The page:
Late last year, Information Commissioner Christopher Graham commented on his blog that data protection is under threat from the continuing recession.
He suggested that businesses under pressure may be tempted to cut corners and push boundaries when it comes to protecting corporate information. He highlighted a common problem that a lot of UK organisations are increasingly facing as the downturn continues to linger.
As budgets continue to be cut, security and data protection are some of the first things that get neglected, particularly as such functions have traditionally been perceived as costly. In reality, this perception is in fact caused by inefficiency – through manual tasks and over-centralisation.
In these times of austerity, security can be achieved without large capital investment; IT departments just need to take a number of sensible precautions to ensure security of information and access governance. Organisations certainly can't afford to be lax when it comes to security.
Very recently, the European Commission proposed new rules stating that serious data breaches will need to be reported to the national supervisory authority and affected citizens within 24 hours. Whilst this is undoubtedly going to be a struggle for many organisations, the aggressive proposal is unquestionably a result of the sharp increase in public data breaches over the past year.
In my view, this will force many businesses to shake up the way information is stored and shared, inside and outside of the organisation. Yet for many organisations, managing efficient identity and access management systems, and ensuring that activity is fully tracked, audited and compliant, are also a big struggle.
Our own research has shown that over 51 per cent of IT professionals are concerned about insider threats to network security in their company's current infrastructure, and 90 per cent agree that companies need to do more to manage and protect users' electronic identities.
In addition to such threats, we are seeing professionals regularly compromise business or personal information by using insecure and risky shortcuts, not out of malice, but to make their lives easier in the workplace.
For instance, with many professionals tasked to remember more than five work-related passwords, 42 per cent of employees prefer to keep password details written down and within easy grasp to prevent halting workflow, which can leave them open to potential theft.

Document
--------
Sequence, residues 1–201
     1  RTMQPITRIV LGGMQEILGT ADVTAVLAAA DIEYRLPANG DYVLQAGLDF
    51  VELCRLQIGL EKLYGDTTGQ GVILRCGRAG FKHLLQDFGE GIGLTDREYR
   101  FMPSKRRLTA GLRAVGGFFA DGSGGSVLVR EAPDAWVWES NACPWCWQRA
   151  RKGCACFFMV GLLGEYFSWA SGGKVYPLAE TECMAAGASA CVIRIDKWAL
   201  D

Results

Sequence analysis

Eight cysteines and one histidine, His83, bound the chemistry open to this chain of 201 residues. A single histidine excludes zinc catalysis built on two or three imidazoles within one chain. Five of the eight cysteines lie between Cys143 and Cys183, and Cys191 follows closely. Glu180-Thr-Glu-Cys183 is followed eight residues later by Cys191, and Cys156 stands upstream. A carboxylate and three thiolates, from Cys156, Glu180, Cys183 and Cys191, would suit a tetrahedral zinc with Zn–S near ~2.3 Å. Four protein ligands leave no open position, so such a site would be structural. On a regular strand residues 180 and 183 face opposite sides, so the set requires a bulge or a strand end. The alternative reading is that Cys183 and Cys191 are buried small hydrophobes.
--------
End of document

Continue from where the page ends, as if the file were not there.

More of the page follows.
A more effective way of cutting costs is to look carefully at the processes that can be automated, such as identity and access management (IAM), which can increase efficiency, reduce costs, whilst maintaining the integrity of your data. With over a quarter of employee queries made to IT helpdesks being access related, IAM can also remove some of the burden placed on the helpdesk, making their lives much easier.
Implementing a single, integrated system that provides end-to-end management of employee identities and retires orphaned or unneeded identities at the appropriate time is the key to simplifying the management of IAM systems.
The recent warnings from the ICO and the European Commission's recent proposals are timely reminders of the type of risks that businesses can impose on themselves and their customers if the right precautions to protect information are not followed, and the mess companies can get into if measures to detect such breaches are lax.
Similar to a game of football, a ‘red card' violation such as a data breach can be extremely damaging to the reputation of any organisation, and with the European Commission proposing fines of up to two per cent of annual global turnover, such data breaches can be controversial and even crippling.
Without the right security systems in place, organisations risk compromising sensitive information, revenue and their reputation.
Phil Allen is director of identity and access management (EMEA) at Quest Software